On a late summer’s evening in 1985, she phoned the National Rifle Association headquarters and left a blunt message: “My name is Sarah Brady, and you’ve never heard of me, but I am going to make it my life’s ambition to try to put you all out of business.”

With that call, Mrs. Brady started down a road that would make her the public face of gun-control activism for a generation. Her husband, James Brady, was Ronald Reagan’s press secretary and was left paralyzed during an assassination attempt on the president in 1981. She was left to care for her husband through his long, and at times excruciating, convalescence. He died Aug. 4, 2014, at age 73.

But it wasn’t her husband’s shooting that led Mrs. Brady to call the NRA. The turning point for her activism came four years later, when their 6-year-old son, Scott, found what he thought was a toy gun and pointed it at his mother. She found to her horror that it wasn’t a toy but a fully loaded .22 similar to the one used to shoot her husband.

“The maddest I’ve ever been in my life,” she said of the incident that occurred during a visit to her husband’s hometown of Centralia, Ill. “I was livid.”

Mrs. Brady grew into a determined foe of the NRA, one of most powerful lobbying organizations in the country. She died Friday at a retirement community in Alexandria, Va. She had pneumonia, family spokeswoman Gail Hoffman said.

A lifelong Republican, Mrs. Brady reached out to a small organization, Handgun Control Inc., now the Brady Campaign to Prevent Gun Violence, and joined its efforts by writing letters to members of Congress as well as lobbying them in person on Capitol Hill. She was the driving force behind the gun-control legislation known as the Brady Bill, signed into law by President Bill Clinton in 1993.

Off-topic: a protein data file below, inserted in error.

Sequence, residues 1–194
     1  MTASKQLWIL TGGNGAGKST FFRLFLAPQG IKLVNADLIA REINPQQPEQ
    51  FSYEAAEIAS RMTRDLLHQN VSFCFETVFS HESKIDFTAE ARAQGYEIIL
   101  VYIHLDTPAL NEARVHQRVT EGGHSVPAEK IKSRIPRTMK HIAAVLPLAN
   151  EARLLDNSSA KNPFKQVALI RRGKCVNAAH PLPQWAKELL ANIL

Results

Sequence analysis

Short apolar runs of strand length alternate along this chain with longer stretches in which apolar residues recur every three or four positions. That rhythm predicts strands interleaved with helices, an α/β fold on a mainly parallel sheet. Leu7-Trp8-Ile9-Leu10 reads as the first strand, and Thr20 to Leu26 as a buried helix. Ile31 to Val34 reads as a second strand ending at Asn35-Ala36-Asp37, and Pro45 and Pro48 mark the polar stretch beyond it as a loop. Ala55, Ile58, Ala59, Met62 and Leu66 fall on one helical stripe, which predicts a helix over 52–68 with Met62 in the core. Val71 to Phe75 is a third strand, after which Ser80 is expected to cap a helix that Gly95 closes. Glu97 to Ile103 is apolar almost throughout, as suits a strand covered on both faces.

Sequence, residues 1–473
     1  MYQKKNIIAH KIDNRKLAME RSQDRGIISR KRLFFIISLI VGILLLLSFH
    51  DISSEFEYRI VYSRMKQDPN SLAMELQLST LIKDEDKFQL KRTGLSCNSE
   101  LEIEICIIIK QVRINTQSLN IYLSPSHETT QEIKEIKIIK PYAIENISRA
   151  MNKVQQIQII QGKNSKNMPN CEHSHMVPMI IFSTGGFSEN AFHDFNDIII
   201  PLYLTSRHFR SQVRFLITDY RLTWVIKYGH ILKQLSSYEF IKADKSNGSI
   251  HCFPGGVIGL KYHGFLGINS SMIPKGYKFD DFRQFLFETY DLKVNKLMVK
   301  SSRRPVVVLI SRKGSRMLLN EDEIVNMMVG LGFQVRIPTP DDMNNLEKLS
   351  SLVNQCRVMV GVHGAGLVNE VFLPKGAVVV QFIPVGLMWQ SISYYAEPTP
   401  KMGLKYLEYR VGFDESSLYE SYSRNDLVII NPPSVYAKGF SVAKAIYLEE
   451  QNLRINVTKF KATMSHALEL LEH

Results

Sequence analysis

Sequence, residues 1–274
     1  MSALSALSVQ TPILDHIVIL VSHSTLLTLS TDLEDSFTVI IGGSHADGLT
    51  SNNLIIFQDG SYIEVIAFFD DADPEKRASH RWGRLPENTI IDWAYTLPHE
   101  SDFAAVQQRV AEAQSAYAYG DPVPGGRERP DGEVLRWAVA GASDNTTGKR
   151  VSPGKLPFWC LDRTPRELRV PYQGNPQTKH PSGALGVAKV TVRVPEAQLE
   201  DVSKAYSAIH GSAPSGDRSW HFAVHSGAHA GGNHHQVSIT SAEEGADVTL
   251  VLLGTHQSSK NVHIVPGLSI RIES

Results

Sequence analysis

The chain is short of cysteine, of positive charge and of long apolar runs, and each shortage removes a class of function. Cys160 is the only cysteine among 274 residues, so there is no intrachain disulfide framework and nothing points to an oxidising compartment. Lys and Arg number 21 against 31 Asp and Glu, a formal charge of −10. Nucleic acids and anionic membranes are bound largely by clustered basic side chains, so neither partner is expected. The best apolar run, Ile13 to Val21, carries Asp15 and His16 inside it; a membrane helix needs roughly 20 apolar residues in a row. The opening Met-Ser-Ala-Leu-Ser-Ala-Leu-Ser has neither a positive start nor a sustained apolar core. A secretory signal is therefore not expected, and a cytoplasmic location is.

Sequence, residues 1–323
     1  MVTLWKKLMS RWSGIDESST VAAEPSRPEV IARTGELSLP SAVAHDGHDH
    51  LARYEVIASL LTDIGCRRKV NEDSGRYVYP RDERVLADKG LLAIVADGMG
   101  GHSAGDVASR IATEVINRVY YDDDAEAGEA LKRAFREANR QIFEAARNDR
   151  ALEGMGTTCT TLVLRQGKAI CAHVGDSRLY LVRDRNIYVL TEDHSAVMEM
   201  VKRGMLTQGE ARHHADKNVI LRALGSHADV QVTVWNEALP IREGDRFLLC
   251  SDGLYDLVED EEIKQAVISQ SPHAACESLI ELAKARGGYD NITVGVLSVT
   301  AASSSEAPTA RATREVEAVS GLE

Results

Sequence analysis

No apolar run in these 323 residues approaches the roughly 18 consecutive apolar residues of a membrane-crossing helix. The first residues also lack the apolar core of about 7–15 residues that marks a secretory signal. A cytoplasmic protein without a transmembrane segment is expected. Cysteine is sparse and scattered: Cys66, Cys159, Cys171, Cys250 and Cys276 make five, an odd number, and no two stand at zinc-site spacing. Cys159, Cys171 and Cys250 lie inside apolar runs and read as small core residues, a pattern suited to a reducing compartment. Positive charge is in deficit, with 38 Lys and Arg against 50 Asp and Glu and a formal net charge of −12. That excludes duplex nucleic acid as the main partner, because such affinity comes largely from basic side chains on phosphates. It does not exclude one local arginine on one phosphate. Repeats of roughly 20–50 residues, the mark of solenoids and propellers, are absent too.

To gain support for the Brady Bill, which required a waiting period and background check on all handgun purchases through federally licensed dealers, Mrs. Brady lobbied politicians, appeared on TV talk shows, wrote opinion pieces, and made speeches often to audiences packed with hostile NRA supporters.

Mrs. Brady became a political independent as her involvement in the gun-control campaign evolved. She backed Democrats such as former U.S. Sen. and 2004 presidential candidate John Kerry of Massachusetts, now the secretary of state, who supported gun control. In 1992, she supported Democratic presidential candidate Bill Clinton after President George H.W. Bush, a lifetime NRA member, refused to commit to supporting the Brady Bill.

Sarah Jane Kemp was born Feb. 6, 1942, in Kirksville, Mo. Her father worked for the FBI and moved the family to Alexandria. After graduating in 1964 from the College of William and Mary, she went on to become an assistant to the campaign director at the National Republican Congressional Committee in Washington. She met James Brady, and they married in 1973.

Survivors include a son, James Brady Jr. of Rehoboth Beach, Del.; stepdaughter, Melissa Brady Camins of Woody Creek, Colo.; and brother, William Kemp of Arlington.